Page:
IN THIS ISSUE...
Maricopa Center for Learning and Instruction
The American Mathematical Association of Two-Year Colleges has established standards for introductory (before calculus) mathematics. Standards for pedagogy support the use of technology, multiple approaches, and interactive and cooperative learning. Also, quite importantly the AMATYC Standards advocates connecting mathematics with other experiences (to make it relevant and meaningful) and promotes student firsthand participation in mathematics through projects and sustained activities.
As a consequence of teaching three semesters of learning cohorts, where students may follow one instructor through four math classes (MAT082, 091, 120, and 150) "College Algebra Concepts" (MAT 150) is being taught for the first time, this spring at Chandler-Gilbert Community College (CGCC). The course is being taught in the same style as its three predecessors which is mostly active, hands-on learning with cooperative activities, student projects, and presentations.
The first three courses in the learning cohort use Maricopa Mathematics Project modules. Since none exist for college algebra, College Mathematics through Applications, piloted by South Mountain Community College (SMCC), has been selected. This text relies heavily on the use of calculator and calculator-based laboratory equipment.
In order to facilitate group activities, sharing resources, and discussion, the classroom is set up in pods of tables which seat four students face to face. Members are placed into base groups according to college majors, when they can study, and where they live (to facilitate meeting for group projects and study outside of class). After a few weeks, student teams are reformed based upon abilities and attributes (such as age or gender) that are brought to group dynamics.
Howard Speier and Melinda Rudibaugh at CGCC are team teaching the course to approximately fifty students. Team teachers Ann Lindner and JD Mildrew at SMCC provided valuable input to the course foundation. A typical class period involves instructors alternating to introduce various topics. This lasts no more than ten minutes, and then students immediately are assigned a cooperative activity to begin constructing their knowledge of the concept. Roles (assigned by "numbered heads") such as recorder, encourager, taskmaster, and checker ensure equal and simultaneous participation. Frequently a spinner is used to select teams to present results of their work. Papers are placed into the team folders at the end of the period and collected by the teaching assistant of the day.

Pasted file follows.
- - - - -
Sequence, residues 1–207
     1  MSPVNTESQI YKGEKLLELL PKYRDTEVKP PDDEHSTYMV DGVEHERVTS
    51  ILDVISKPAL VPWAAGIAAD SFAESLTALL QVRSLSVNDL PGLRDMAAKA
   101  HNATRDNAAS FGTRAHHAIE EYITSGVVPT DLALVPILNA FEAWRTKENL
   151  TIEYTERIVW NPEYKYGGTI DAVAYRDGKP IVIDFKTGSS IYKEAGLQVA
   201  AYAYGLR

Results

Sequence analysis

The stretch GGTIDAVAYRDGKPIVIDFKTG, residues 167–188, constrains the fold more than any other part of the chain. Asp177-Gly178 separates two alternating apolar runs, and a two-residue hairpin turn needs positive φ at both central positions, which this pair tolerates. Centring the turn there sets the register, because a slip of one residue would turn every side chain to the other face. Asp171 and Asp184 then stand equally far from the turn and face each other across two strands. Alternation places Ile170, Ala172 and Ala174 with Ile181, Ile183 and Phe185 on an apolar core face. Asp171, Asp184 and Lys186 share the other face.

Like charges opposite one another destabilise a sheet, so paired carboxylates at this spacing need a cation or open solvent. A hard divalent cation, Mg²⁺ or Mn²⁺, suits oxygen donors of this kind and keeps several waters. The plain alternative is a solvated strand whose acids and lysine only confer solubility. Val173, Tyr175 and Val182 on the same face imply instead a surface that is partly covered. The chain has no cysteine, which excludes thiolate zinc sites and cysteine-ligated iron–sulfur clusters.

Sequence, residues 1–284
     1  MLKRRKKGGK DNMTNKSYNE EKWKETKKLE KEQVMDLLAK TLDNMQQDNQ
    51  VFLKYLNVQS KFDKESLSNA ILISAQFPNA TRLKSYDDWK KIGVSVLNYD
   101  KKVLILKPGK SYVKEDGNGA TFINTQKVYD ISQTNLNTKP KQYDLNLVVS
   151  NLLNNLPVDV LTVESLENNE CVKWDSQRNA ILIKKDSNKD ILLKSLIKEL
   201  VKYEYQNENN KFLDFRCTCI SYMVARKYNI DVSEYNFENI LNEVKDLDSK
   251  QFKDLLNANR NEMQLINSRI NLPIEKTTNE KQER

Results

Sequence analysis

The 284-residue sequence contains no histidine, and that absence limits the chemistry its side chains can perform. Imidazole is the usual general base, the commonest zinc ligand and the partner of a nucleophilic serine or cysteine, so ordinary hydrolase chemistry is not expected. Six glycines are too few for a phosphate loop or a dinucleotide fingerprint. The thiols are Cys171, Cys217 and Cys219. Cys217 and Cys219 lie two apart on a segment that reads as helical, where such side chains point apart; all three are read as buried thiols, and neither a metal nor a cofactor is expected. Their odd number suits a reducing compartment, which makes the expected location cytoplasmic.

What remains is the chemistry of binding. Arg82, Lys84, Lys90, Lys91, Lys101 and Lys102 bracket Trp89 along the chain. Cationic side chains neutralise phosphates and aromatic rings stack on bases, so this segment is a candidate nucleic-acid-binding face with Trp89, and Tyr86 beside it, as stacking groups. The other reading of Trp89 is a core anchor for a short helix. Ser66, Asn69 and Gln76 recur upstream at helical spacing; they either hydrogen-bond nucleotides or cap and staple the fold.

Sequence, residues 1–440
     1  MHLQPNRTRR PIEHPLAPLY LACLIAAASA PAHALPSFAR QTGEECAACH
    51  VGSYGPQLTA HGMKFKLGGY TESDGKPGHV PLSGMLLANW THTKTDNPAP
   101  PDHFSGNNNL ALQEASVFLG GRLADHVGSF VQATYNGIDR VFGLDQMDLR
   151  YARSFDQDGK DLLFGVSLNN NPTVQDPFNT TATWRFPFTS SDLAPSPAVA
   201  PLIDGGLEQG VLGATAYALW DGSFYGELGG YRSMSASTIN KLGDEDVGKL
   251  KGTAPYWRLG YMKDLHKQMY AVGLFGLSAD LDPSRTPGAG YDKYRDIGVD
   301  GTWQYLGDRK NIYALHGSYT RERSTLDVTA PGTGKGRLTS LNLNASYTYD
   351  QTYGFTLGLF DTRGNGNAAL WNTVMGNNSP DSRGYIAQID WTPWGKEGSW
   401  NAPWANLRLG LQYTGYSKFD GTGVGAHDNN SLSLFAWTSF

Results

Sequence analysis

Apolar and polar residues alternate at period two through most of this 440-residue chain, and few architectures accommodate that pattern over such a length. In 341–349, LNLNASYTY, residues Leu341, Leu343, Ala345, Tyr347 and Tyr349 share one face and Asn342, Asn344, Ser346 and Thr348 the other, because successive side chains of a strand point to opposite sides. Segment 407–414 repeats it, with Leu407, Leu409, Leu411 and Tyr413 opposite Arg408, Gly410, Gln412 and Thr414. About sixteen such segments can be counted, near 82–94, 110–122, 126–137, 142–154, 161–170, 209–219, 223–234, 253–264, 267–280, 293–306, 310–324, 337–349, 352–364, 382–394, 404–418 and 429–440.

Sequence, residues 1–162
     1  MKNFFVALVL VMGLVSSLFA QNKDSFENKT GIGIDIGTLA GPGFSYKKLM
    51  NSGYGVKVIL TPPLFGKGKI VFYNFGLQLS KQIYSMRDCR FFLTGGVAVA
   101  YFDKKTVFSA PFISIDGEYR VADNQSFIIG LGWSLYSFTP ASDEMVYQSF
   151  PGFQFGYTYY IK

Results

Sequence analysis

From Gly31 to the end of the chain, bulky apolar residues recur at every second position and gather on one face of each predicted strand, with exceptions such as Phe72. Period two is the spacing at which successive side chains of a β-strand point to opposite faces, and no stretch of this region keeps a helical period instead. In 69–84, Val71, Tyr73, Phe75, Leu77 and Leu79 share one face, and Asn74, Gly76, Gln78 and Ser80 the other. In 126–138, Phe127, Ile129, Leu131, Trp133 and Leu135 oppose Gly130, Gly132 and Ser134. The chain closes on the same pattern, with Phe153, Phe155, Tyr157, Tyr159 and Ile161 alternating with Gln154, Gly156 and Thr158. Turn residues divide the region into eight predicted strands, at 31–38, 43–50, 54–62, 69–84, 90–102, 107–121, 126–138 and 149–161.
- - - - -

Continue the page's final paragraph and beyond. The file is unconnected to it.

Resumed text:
Students work through six projects over the course of the semester. Most projects require the use of technology, such as spreadsheets, and they must be formally done, as though presented to an employer.
In response to the AMATYC Standard requiring true mathematical experience, a service learning project is required. This is a three- to six-hour (depending on the agency) visit, arranged with the assistance of the CGCC Office of Student Life. Students select an agency which affords them an opportunity to use their math skills as they serve. Sites include local police stations, schools, and the Boys and Girls Club. Students must document hours and write a reflection on their learning.
At the end of the semester students in the MAT 150 learning cohort will take the same common final as all other college algebra students. Their teachers believe, however, that they will possess problem-solving, decision-making, and communication skills beyond the assessment potential of the instrument.
The following excerpt from email@example.com supports our rationale for creating this course:
In the 7 Principles for Good Practice in Undergraduate Education (Chickering and Gamson, 1987) the authors suggest that "good practice encourages active learning" (1). The principle, anchored in decades of research about teaching and learning, requires us to consider methods to expand the terms of engagement between student and teacher. It suggests that we think about and act on what we know about the way student participation in the learning process leads to higher levels of deep and lasting learning.
Because learning is also interactive it gives the connotation that a learner is actively engaged with others. It suggests the development of four central relationships, each of which can be viewed in terms of its quality and frequency of occurrence. These relationships are: